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Group Fights Gentrification On Chicago’s Northwest Side

Latino families displaced from Logan Square and Pilsen are now calling the Northwest Side home, but housing prices are rising there, too.

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Portage Park Houses

File: A row of houses in Portage Park. A new group is fighting gentrification on the city’s Northwest Side, where many Latino families displaced from Logan Square and Pilsen now face rising housing prices again.

John Schmidt

As a housing community organizer on Chicago’s Northwest Side, Julio Rodriguez sees a familiar pattern with Latino families.

“We find a lot of folks from Logan Square have been moving here along with [others from] areas like Pilsen,” Rodriguez said. They moved because housing became more expensive. “One of the biggest needs that we saw was how cost-burdened our residents are,” he added. Families are considered cost-burdened if they pay more than 30 percent of their income toward housing.

Rodriguez and his colleagues at the Northwest Side Housing Center have offered clients homebuyer education and housing counseling. But that hasn’t been enough to help people stave off displacement, so the organization is forming a new community development corporation to serve Belmont Cragin and surrounding neighborhoods.

“We said we’re going to do something. It has to be now before it’s too late. A lot of times when gentrification happens, it’s really at the onset where things are completely unaffordable,” Rodriguez said.

Displacement is an acute issue for Latinos in Logan Square, Pilsen and Avondale — the city’s three leading communities for Latino population decline in recent years. Collectively, Latino population has fallen by about 14,000 in those communities since 2010, according to a WBEZ analysis of census data released in December.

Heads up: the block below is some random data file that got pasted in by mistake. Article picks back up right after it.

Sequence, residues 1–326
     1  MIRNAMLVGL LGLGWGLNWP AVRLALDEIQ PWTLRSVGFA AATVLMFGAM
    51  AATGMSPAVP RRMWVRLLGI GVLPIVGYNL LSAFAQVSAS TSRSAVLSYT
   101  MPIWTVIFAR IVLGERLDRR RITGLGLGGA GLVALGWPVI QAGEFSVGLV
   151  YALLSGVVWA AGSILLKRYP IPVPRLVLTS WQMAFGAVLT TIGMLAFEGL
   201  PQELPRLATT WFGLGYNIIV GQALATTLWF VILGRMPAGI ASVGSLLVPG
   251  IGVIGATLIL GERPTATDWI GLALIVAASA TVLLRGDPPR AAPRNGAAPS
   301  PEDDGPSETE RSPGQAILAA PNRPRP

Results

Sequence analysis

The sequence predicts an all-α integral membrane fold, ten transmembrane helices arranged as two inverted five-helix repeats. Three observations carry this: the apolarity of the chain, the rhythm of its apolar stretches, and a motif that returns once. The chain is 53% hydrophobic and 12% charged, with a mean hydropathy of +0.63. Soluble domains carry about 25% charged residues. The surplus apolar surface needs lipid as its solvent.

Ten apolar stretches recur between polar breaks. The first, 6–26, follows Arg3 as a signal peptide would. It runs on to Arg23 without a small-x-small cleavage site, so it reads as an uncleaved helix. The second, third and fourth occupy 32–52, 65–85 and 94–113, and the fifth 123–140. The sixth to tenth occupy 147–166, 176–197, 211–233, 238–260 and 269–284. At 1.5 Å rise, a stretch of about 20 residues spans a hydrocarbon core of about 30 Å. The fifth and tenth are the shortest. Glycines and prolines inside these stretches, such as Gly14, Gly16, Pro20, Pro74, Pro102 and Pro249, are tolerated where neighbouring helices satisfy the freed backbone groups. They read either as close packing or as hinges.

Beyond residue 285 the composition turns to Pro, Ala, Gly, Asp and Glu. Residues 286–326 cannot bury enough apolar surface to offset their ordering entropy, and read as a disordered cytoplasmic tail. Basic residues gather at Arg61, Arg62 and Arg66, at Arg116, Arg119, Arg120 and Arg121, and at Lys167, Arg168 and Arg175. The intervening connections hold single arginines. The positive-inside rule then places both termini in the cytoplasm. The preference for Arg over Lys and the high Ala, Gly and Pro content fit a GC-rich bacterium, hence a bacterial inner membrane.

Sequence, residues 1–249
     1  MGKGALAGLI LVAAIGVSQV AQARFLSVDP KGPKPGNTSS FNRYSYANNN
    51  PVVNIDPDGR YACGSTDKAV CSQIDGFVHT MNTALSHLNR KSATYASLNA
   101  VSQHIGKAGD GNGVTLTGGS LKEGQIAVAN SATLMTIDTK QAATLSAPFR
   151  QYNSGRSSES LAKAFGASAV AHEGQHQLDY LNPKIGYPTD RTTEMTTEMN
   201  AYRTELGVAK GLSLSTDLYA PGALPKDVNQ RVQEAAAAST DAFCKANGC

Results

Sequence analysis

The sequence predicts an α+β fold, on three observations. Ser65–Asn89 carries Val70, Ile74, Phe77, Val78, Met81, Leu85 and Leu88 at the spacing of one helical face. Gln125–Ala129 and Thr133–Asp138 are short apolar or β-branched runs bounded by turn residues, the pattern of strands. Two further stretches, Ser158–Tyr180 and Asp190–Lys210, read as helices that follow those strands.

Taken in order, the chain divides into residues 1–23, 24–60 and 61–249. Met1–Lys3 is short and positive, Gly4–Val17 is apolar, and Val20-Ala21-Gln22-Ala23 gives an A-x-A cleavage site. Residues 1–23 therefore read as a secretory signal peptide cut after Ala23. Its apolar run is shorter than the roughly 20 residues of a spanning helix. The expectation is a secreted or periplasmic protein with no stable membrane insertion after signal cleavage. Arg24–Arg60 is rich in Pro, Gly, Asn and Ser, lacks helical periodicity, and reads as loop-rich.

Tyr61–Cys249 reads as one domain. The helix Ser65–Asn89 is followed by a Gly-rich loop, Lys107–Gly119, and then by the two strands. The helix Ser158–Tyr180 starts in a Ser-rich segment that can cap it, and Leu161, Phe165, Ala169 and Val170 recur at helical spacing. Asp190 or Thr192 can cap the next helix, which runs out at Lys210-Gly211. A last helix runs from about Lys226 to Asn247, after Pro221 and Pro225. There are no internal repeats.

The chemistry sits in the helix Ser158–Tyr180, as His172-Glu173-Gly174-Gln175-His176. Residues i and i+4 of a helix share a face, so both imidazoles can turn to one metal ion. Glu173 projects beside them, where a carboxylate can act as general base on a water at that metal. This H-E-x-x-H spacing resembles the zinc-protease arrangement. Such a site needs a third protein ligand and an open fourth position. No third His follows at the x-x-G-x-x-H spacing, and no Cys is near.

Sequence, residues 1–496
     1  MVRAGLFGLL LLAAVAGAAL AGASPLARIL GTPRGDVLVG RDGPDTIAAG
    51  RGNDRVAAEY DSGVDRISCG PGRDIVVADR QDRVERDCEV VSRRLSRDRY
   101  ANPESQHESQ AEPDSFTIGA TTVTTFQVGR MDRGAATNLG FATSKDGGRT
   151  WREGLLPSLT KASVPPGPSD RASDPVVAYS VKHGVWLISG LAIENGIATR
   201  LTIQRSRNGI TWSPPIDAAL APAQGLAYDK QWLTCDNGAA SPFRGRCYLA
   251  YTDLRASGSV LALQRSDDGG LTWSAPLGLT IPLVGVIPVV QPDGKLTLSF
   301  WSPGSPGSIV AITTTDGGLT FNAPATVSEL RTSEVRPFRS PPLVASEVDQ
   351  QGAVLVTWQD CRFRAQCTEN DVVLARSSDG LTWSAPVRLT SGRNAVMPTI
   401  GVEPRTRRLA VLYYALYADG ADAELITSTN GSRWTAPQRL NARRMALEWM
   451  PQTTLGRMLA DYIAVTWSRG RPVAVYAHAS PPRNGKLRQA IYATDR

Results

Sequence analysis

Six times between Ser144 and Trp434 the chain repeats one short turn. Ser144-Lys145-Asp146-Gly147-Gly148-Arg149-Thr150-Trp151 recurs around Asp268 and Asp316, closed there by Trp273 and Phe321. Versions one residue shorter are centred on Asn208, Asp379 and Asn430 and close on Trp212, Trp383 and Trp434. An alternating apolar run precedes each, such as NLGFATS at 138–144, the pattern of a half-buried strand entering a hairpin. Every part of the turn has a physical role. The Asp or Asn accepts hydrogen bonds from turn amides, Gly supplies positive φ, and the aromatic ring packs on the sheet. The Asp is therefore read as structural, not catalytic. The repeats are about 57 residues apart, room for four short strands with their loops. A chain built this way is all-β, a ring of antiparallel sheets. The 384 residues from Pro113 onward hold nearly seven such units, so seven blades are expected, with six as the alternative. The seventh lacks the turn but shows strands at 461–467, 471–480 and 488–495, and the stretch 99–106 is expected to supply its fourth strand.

As Rodriguez noted, Latino residents have increased in several Northwest Side communities like Belmont Cragin, Dunning and Portage Park. In those three communities, collectively, Latino population has grown by more than 6,000 since 2010, according to WBEZ’s analysis.

One of the priorities for the CDC is to create a community land trust. The CDC would purchase properties and allow someone to buy the home at a price less than market rate. Equity in the home is capped when sold. The idea is that the home could be affordable to families in perpetuity, Rodriguez said.

The new CDC’s focus is on access to affordable housing and small business development. According to Geoff Smith, executive director of the Institute for Housing Studies at DePaul University, Belmont Cragin is at moderate risk for displacement. Housing prices there are rising above the citywide average.

Other service areas for the CDC are the Portage Park, Avondale, Norwood Park and Jefferson Park communities — areas with median incomes higher than the citywide average but also among those with higher poverty rates.

Housing activists say there isn’t enough multi-family rental housing on the Northwest Side. And pushing for it may come at a political cost. Ald. John Arena, 45th Ward, lost a re-election bid last week perhaps in part for his support of an affordable housing development in Jefferson Park.

Many white residents fiercely opposed the development, using rhetoric often reserved for upholding racist housing policies that excluded blacks and Latinos from communities. Arena failed to get more than 25 percent of the vote in most of the ward’s Jefferson Park precincts. During the campaign, Arena said that the ward lacked enough affordable housing options and that there were signs that gentrification was taking place.

Belmont Cragin resident Diana Mireles is on the CDC board. She said she’s seen displacement on her block.

“I had a neighbor living there seven years with her kids. And her landlord decided he was going to rent to someone else, and he made the rent unreasonable for her and she had to move out,” Mireles said. “The mother packed up her family and disconnected and move out to the suburbs. I hated losing her as a neighbor.”

Natalie Moore is a reporter on WBEZ’s Race, Class and Communities desk. Follow her @natalieymoore.

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